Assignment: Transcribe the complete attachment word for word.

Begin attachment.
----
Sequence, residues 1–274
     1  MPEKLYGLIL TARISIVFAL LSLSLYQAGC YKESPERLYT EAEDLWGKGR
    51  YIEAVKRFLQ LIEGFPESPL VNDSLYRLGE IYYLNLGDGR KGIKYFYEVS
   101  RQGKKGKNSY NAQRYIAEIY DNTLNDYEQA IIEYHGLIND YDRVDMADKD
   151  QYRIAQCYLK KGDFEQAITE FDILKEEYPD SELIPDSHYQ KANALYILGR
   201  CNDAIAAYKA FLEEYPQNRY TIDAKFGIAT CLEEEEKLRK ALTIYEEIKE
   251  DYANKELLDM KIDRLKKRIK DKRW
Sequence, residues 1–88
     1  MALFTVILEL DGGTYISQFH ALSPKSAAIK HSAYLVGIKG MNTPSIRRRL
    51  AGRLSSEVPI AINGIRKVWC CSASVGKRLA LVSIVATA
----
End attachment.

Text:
Sequence, residues 1–274
     1  MPEKLYGLIL TARISIVFAL LSLSLYQAGC YKESPERLYT EAEDLWGKGR
    51  YIEAVKRFLQ LIEGFPESPL VNDSLYRLGE IYYLNLGDGR KGIKYFYEVS
   101  RQGKKGKNSY NAQRYIAEIY DNTLNDYEQA IIEYHGLIND YDRVDMADKD
   151  QYRIAQCYLK KGDFEQAITE FDILKEEYPD SELIPDSHYQ KANALYILGR
   201  CNDAIAAYKA FLEEYPQNRY TIDAKFGIAT CLEEEEKLRK ALTIYEEIKE
   251  DYANKELLDM KIDRLKKRIK DKRW
Sequence, residues 1–88
     1  MALFTVILEL DGGTYISQFH ALSPKSAAIK HSAYLVGIKG MNTPSIRRRL
    51  AGRLSSEVPI AINGIRKVWC CSASVGKRLA LVSIVATA